NBC’s “Today” show, ABC’s “Good Morning America,” and CBS’s “The Early Show” greeted viewers with depressing news the morning of June 27 – the stock market is struggling – and more epic comparisons.
“If things keep going south, this could be Wall Street’s worst June since the Depression,” NBC co-host Meredith Vieira said at the top of the show. The Dow Jones Industrial Average (DJIA) dropped more than 358 points June 26, about 3 percent of its total.
“The Dow is down 19 percent from its record level in October,” co-host Ann Curry said a few minutes later. “If it falls just one more percentage point we will officially be in a bear market and make us maybe akin, as you just said, to the times of the Depression.”
But two references to the Great Depression, the worst financial crisis in U.S. history, wasn’t enough for “Today.” CNBC’s Melissa Lee kept the negativity coming in a report from the New York Stock Exchange.
“Unfortunately, Meredith, it is shaping up to be a bad morning here on Wall Street, shaping up to be in fact a bad summer,” Lee said. “Yesterday the Dow was down by just about 3 percent and in fact the index, if it closes at these levels, this will be the worst June on record since the Great Depression.”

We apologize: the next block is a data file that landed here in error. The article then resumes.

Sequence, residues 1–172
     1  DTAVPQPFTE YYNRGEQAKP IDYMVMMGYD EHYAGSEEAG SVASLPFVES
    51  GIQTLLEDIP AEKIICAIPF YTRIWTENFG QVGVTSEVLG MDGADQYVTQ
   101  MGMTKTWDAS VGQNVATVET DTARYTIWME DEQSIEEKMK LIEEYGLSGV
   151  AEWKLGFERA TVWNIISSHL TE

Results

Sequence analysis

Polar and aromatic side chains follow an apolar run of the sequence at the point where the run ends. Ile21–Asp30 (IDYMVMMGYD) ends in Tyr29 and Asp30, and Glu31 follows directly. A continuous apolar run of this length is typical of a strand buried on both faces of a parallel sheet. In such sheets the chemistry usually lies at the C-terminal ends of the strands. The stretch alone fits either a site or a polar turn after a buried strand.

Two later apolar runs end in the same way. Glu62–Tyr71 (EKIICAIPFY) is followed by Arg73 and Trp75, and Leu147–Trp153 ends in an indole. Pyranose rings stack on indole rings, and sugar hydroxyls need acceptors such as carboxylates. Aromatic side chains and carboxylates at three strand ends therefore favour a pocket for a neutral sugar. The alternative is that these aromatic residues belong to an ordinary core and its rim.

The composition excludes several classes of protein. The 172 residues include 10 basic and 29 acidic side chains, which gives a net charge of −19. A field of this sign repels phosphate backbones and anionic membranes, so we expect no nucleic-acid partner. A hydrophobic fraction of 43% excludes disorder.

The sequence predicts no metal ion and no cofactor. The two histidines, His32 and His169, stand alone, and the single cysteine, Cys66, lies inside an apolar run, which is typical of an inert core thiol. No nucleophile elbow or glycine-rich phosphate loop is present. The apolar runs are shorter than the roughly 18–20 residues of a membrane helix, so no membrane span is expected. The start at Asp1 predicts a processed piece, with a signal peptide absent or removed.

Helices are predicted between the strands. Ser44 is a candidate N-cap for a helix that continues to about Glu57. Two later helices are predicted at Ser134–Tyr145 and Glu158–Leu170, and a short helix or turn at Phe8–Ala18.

Those three references to the Great Depression occurred within the first five minutes of the “Today” show. ABC was just as quick to make the comparison by asking if June 27 could be “Black Friday on Wall Street?”
ABC reporter Bianna Golodryga said that “June, the month of June, [is] the worst month for the stock market since the Great Depression.” Golodryga had yet more colorful language to add, calling June 26 “a bloodbath.”
CBS’s “Early Show” highlighted negative news, but avoided comparing conditions to the Great Depression.
Co-host Chris Wragge said, “talking about this crisis that we’re in right now, credit crisis, housing crisis, and what the market’s doing, this is reflecting a Bear Market and the dot-com bust of years ago which is something no one wants to talk about.”
But the “worst since the Great Depression” comparison disguises the fact that economic conditions in 2008 are nowhere near as bad as they were during the 1920s and the worst financial crisis of U.S. history.
Unemployment rose to 5.5 percent in May 2008. During the Depression, unemployment hit more than 24 percent, and the figure didn’t include women or many minorities who wanted to be working but couldn’t find jobs.
The DJIA dropped 3 percent June 25, and has fallen 19 percent since an all-time high of more than 14,000 points in October 2007. In the Depression, by contrast, it lost almost a third of its value – 31.5 percent – over only four days of trading.